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Rights and Justice

Locking Up Family Values, Again: The Detention of Immigrant Families

A young mother, Rosa, fled Central America this July after gangs violently threatened the family with kidnapping, the destruction of their home and death. Rosa and her seven-year old daughter, Ana, were detained at the Artesia Family Detention Facility shortly after entering the United States. Traumatized by conditions in her home country and the added stress of confinement, Ana was unable to keep down any food. Her weight loss became so extreme that medical staff told Rosa, they would force feed her daughter through a catheter. 

Out of despair, Rosa asked for bottles with milk to be provided instead. With no other choice, Rosa held her seven-year-old daughter in her arms like a baby at meal times to feed her by bottle.

Rosa and Ana's story is one of many that illustrate the devastating damage done by the detention of immigrant families. It's an egregious practice that, only five years ago, the Obama Administration largely ended. However, as documented in the report released today by Women's Refugee Commission and Lutheran and Immigration Refugee Service, Locking Up Family Values, Again, this summer the Administration has decided to resurrect and dramatically expand this costly and inhumane practice.

In 2009, the Obama Administration closed what then was the United States' largest family immigration detention facility, the T. Don Hutto facility in Texas, after years of controversy, media exposure and a lawsuit. For five years, the only families detained were held at a small shelter in Pennsylvania that, despite some flaws, generally held families awaiting an initial protection screening for relatively short periods. This summer, with the recent increase in the number of mothers and children fleeing violence and persecution in Central America, the Administration turned to a rapid and massive expansion of family detention of these asylum seekers. Seeking to “stem the flow” by sending a clear message of deterrence through expedited detention and removal, our new family detention facilities – and the policies opposing any release or bond that have come with them – ignore our obligations under international and U.S. laws and impose enormous moral and fiscal costs our country.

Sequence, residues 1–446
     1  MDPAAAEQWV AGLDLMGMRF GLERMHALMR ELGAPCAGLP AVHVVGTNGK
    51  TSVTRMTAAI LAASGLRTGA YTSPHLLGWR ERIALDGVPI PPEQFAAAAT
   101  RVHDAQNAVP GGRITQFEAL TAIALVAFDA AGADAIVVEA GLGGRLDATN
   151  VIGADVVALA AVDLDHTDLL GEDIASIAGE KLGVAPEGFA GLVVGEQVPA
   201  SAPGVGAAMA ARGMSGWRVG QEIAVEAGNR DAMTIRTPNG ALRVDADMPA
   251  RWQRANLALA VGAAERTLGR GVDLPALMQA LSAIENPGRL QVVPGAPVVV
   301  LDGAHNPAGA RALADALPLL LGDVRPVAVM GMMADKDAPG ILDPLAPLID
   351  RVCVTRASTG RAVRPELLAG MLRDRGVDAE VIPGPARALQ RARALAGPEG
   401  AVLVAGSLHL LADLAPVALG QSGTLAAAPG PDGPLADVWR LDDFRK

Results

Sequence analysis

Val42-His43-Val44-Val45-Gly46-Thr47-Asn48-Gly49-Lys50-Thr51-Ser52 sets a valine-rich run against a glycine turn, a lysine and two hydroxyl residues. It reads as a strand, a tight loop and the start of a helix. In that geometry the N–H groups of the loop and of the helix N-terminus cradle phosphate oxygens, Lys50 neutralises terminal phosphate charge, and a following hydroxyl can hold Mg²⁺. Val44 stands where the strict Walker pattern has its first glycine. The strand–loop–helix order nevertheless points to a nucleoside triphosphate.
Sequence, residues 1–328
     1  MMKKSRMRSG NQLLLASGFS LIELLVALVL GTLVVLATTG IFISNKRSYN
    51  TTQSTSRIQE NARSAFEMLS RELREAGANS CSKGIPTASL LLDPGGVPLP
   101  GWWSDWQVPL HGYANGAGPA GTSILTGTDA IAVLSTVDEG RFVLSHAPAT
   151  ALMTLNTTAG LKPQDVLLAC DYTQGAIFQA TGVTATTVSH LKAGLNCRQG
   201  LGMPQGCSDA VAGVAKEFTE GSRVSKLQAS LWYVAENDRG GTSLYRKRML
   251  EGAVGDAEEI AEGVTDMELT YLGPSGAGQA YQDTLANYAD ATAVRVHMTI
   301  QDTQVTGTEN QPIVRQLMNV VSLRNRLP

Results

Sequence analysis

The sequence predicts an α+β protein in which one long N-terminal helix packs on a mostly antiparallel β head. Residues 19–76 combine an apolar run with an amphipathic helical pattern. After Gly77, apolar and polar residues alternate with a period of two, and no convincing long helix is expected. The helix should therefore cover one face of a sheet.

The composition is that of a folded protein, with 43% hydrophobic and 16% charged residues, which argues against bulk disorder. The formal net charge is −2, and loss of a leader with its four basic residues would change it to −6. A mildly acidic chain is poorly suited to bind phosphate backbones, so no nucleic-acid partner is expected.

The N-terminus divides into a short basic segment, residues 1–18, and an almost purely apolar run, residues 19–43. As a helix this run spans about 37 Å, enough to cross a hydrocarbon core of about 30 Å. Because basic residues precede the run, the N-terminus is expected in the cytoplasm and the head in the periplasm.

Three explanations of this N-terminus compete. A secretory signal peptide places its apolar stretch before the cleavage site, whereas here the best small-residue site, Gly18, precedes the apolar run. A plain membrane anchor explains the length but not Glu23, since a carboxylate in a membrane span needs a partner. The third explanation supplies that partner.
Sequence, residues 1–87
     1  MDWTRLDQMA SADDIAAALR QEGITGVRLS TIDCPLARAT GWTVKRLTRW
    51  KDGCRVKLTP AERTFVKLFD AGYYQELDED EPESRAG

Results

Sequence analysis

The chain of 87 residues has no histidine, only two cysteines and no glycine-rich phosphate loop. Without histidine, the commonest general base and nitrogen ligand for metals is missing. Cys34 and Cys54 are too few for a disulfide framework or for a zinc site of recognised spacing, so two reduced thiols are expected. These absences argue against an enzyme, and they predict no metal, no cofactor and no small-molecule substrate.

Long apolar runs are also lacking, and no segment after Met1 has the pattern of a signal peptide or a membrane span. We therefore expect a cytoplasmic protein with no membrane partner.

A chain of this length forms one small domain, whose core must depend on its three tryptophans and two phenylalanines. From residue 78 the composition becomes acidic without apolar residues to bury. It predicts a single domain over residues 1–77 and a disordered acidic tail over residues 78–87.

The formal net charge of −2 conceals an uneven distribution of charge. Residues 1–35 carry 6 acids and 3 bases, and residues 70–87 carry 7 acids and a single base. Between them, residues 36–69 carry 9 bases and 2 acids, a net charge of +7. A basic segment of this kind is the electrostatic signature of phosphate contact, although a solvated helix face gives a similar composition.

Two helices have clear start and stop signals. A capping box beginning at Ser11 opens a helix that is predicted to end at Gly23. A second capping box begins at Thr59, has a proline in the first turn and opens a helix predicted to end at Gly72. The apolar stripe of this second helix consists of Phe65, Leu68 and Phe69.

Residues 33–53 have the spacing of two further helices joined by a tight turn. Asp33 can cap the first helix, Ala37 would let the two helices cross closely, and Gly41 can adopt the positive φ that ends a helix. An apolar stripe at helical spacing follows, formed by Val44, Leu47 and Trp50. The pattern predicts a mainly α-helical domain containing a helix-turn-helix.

In May 2014, the Berks Family Residential Shelter in Pennsylvania held fewer than 100 family members. Five months later, the Administration added a hastily-erected facility in Artesia, New Mexico, with a capacity of over 600 women and children; converted an existing facility in Karnes City, Texas, with a capacity of over 500 women and children; and has stated plans to build a new, 2,400 bed facility in Dilley, Texas. The United States will soon have a family detention capacity of nearly 4,000 women and children. The cost to the U.S. taxpayer? Dilley alone has been reported to cost $298 per person each day, or roughly $260 million per year.

These detained families are largely asylum seekers. At one facility in September 2014, 98% of the women and children detained there had expressed a fear of return. More than half of the children in family detention are six years old or younger. Normally mothers and toddlers seeking protection and posing no flight or security risks would merit strong consideration for release, including on bond or alternatives to detention. Instead, these women and children are denied release, and when they find themselves before an immigration judge to request a bond, government attorneys spend hours arguing that they pose a national security risk to the United States. Many are denied any bond at all, and many more are granted bonds so high, such as $15,000 or $30,000, that they cannot afford their release.

This leaves families trapped in traumatizing conditions with almost no access to lawyers who could help them navigate these policies and our immigration system. In addition to inadequate access to childcare, medical and mental health care, and legal assistance, we find that family detention remains rife for abuse just as we observed and documented at Hutto. In October 2014, the Karnes facility was at the center of allegations of sexual assault by guards threatening or bribing detained women. In another example, a detained young mother at a family facility was suddenly accused of abuse, torn apart from her two small children and transferred to an adult facility without explanation or information on her children's welfare or whereabouts. A second complaint filed over conditions at Karnes reported that children were not allowed to crawl at all in the facility and that mothers are required to carry their infants.

We've been down this road before with Hutto. As we determined then, no amount of modifications could reduce the psycho-social trauma experienced by these detained families. The expansion of family detention and no-bond policies especially don't make sense because the administration could instead invest in an array of alternatives to detention, ranging from electronic monitoring to community support programs that provide critical case management. The government's current alternatives monitoring program, for example, costs only 17 cents to $17 per day, and has high compliance rates with court appearances.

Locking Up Family Values, Again strongly recommends that the government close Artesia and Karnes and halt any plans for Dilley, individually assess families for custody needs, improve its screening procedures to determine eligibility for asylum, revise its policy of no or high bonds for families, and turn to alternatives to detention instead of detention.

Our conclusion today remains as simple as in 2007: there is no way to humanely detain families. President Obama must order the Department of Homeland Security to end this policy and practice immediately.


Rights and Justice